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From Healthcare Burnout to Racquet Sports Guru with Sam Ritz

Dr. Sam Ritz, PT, Owner of Functional Physical Therapy

Join us during our latest DPT to CEO interview where we chat with Dr. Samantha Ritz, PT and racquet sports expert. Sam is the owner and operator of Function Physical Therapy, a cash based physical therapy practice based out of Dallas, TX, servicing tennis and pickleball players.

Sam shares her path from healthcare burnout to the steps she took to build a thriving cash based practice. From quitting her job after speaking with Morgan about her practice aspirations to now living her dream life as a solo entrepreneur, Sam sheds light on what it takes to be a successful cash based practice owner.

What we're covering:

Tell us about you and your career and what led you to start your own practice.

Sam: Yeah, of course. So, I graduated in 2022 with my doctorate from the Health Science Center here in Fort Worth, Texas. Like most people, I took an outpatient job right out of school with a new grad salary and hours. Initially, I really loved it. I love being a physical therapist; that's never been the issue. But once my caseload started to grow, it became more difficult. About three months into working at the clinic, my clinic director went on paternity leave. There were zero plans in place, so I had to manage the clinic with a student for a month. It was chaotic, but we made it work, and I realized I could handle it.

At the end of the year, my clinic director left to open another clinic, and they were hiring for a new clinic director. Despite only starting in May, everyone encouraged me to go for the job. By November, I put my name out there and ended up getting the position. I was really excited. I started in January, but the person who was supposed to return from maternity leave didn't come back, and we couldn't find anyone willing to take the low pay. So, I managed by myself. There was one week I saw 101 patients alone, without any student assistance. It was just me and my tech. By the end of that week, I cried a little and then went to get a margarita.

I was becoming unhappy but still loved my job. I had signed a two-year contract with a signing bonus that I would have to repay if I quit early. I was trying to make it to the two-year mark. Meanwhile, I had been listening to Morgan's podcast and a few others, and I always wanted to open my own business. I aimed to get three years of experience before starting my own practice. In August, after a year and a half, I talked to Morgan, expressing how exhausted I was and unsure of how much longer I could continue. We discussed the pros and cons of staying or leaving, and I decided it was time to move on. Some patients had even asked when I was going to start my own thing, which validated my decision.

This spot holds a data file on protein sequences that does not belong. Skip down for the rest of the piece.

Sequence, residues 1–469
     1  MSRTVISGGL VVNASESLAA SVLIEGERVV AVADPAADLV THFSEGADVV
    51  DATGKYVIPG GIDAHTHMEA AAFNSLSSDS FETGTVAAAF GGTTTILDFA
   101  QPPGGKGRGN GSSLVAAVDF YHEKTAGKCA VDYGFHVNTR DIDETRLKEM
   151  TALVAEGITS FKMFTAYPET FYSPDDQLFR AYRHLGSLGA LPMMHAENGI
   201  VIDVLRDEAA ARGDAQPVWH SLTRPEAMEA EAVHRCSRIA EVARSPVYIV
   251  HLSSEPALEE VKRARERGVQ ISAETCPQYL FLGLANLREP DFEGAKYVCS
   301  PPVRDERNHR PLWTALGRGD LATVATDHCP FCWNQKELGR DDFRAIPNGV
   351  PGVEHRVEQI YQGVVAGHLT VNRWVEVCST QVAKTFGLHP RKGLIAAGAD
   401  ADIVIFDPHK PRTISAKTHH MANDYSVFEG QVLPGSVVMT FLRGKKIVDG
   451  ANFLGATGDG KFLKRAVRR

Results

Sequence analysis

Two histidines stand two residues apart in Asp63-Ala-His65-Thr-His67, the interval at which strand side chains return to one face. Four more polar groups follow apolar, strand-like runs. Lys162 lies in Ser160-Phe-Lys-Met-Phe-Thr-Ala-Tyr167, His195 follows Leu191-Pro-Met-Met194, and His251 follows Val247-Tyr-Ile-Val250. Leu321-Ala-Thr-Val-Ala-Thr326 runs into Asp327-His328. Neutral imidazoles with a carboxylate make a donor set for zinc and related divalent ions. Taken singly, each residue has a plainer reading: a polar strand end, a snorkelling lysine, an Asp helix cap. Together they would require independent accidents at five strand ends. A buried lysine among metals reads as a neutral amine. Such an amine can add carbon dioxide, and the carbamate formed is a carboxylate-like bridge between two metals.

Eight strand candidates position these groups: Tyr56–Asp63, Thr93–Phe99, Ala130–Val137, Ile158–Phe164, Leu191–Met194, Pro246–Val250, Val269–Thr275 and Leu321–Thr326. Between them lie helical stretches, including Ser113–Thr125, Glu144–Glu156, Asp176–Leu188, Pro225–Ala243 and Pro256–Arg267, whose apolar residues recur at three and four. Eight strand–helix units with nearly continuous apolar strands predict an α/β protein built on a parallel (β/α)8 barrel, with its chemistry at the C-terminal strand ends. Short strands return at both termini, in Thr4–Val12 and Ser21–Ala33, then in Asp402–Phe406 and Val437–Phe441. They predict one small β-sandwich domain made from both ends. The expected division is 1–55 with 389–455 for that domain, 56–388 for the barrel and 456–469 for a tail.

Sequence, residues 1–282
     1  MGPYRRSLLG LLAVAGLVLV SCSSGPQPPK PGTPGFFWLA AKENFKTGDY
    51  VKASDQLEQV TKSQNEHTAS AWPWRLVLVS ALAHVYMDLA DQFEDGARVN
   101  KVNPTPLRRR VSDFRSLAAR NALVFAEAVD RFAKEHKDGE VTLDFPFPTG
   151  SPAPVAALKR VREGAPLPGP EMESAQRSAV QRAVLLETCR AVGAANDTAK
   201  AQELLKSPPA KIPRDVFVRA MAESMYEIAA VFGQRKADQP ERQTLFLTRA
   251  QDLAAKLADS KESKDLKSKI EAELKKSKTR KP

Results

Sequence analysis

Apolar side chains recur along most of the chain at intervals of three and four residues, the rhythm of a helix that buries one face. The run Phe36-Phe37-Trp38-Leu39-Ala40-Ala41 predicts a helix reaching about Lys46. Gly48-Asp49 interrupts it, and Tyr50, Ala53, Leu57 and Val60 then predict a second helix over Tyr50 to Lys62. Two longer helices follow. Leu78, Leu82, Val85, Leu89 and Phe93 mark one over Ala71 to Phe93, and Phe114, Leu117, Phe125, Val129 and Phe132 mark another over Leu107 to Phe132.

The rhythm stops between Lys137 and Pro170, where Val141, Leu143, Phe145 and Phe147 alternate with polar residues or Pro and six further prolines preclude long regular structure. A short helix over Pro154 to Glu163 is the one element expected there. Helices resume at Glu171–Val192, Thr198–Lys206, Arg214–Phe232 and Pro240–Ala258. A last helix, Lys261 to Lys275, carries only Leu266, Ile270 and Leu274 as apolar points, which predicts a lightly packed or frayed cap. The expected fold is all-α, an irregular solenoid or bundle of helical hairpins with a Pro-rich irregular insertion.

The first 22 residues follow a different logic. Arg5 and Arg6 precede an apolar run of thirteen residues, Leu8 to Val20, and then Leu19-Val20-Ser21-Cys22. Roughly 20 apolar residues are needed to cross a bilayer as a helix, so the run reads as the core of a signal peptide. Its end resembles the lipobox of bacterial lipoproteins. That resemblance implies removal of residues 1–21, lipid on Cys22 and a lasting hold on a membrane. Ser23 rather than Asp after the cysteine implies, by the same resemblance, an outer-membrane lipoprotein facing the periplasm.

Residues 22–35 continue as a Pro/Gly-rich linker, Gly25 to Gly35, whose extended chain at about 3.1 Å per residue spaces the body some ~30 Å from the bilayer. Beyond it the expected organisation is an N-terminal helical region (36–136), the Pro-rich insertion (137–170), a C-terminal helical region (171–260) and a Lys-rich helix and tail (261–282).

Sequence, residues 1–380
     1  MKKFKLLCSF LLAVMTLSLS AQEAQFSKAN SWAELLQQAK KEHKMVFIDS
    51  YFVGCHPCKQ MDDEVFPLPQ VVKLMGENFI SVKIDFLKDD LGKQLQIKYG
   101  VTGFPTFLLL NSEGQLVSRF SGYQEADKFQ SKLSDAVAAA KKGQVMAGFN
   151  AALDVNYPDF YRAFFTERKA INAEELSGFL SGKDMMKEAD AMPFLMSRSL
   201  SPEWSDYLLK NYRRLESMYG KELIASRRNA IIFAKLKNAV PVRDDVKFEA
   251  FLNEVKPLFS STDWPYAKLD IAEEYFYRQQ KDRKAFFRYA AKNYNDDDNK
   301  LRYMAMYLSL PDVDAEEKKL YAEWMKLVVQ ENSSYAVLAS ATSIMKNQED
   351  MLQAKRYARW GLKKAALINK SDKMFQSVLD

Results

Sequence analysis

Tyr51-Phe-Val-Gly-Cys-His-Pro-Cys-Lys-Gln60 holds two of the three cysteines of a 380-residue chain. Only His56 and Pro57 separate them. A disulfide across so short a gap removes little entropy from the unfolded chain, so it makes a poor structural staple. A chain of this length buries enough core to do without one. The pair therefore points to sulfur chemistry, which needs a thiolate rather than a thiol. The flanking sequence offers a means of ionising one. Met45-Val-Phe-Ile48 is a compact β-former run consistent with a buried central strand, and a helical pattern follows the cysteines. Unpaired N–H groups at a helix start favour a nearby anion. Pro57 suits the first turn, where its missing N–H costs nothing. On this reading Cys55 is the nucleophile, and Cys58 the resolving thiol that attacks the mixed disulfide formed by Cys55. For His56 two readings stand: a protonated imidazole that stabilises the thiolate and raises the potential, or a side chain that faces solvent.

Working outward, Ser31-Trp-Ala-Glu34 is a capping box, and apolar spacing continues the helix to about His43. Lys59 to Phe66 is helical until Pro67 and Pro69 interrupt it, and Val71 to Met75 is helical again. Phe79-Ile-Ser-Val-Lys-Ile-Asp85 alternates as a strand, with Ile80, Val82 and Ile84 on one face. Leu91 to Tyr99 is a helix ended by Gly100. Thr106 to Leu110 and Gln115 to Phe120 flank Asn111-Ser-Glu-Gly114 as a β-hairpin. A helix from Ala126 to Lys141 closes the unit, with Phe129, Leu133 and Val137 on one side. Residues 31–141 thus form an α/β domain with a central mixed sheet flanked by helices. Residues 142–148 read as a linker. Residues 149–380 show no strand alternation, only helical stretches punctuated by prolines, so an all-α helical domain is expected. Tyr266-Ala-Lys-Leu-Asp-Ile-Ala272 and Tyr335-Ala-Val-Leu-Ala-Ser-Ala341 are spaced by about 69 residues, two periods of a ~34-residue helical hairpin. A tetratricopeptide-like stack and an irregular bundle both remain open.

Though it was scary to transition from a salary to no income, I decided to go for it. I signed with Morgan, and we started building the business. I gave my four weeks' notice, took a week off after quitting, and then started my own business two weeks later. Excitingly, I had patients the very first week. We hit the ground running, building the business. Now, months later, I'm running my business full-time. I do a little PRN work on the side, but mostly focus on my own practice. It's been great.

Learn how to get past the fear of the unknown and take the leap into cash based practice ownership in the blog post here.

Tell us about your practice and what kind of patients you see.

Sam: My practice is Function Physical Therapy, specializing in tennis and pickleball injuries. I was a college tennis player and still play both tennis and pickleball, so it's a passion of mine. I love treating this patient population. My practice is mobile outpatient, so I go to people's homes and provide services such as dry needling, cupping, and soft tissue work. I absolutely love it. I wasn't sure how I'd feel about being in the car so much, but I'm a podcast enthusiast, so I just put on my podcasts while traveling to my patients. There's a bit of time freedom that I really missed when I worked in outpatient settings. I never thought I'd be the type of person who could just go play tennis in the middle of the day when I wanted to, but now I can.

Morgan: Yeah, I know. I catch myself a lot thinking about how I'm in the gym for several hours a day at all times of day or how I can take my dog for a walk at 11:00 a.m. in the middle of working and be outside. One of the worst things about working in outpatient was driving to work when it was still dark in the morning, spending ten hours in the clinic, and then leaving when it was dark outside. I realized I didn't want to live like that.

Tell us about your mindset on the journey of being a business owner including how it started, how it's changed over time, and where it is now.

Sam: My mindset when I first started was that I knew nothing, so it was really great to have a business coach. I would always recommend having a business coach because I'm not sure I could have done it without one. There's just so much going on, and sometimes you need a checklist or someone to help you prioritize tasks. It's easy to get overwhelmed, especially in healthcare, where you have to set up your NPI and handle liability issues. Once you get through that, things start rolling smoothly.

I had a really good first two months because I was new and well-known in my community. Then the end of the year came, everyone had met their deductibles, and it became slow. People preferred using their insurance over paying for cash therapy, so November and December were extremely hard. I was surprised at how difficult being slow was for me. I thought I would love the free time, knowing it would pick up again, but I struggled. I felt the need to fill my day with something and became frustrated when it wasn't happening.

At the end of the year, I had to sit down and set realistic goals. After that, things got better. The winter was slow, but spring became busy. Shifting my mindset was really hard. As a very type-A person, I valued myself based on how productive I was during the day. With this type of business, productivity doesn't always match up with immediate results. I had to come to terms with the fact that I was doing a lot of backend work that would pay off in the future, even if I wasn't seeing the benefits right away. This realization was particularly difficult from November through January, but now I feel more at peace with it.

Morgan: Yeah, it's hard because the way to get consistent, good results in your business is by putting in consistent, good work, but the results are always delayed. You don't see them at the same time. Especially with marketing, all the effort you put in now will show results two, three, or six months from now. Our current mindset wants to see results immediately and feel successful right away.

Regarding valuing yourself and your self-worth based on productivity, you have to find different ways to feel successful. For me, it's a very active decision process. I have to actively participate in deciding what makes a successful day. Sometimes it means sitting at the computer for eight hours until a project is done, and other times it's just having five appointments and getting nothing else done because I was exhausted. Both can be successful days, and this shift in perspective is quite interesting.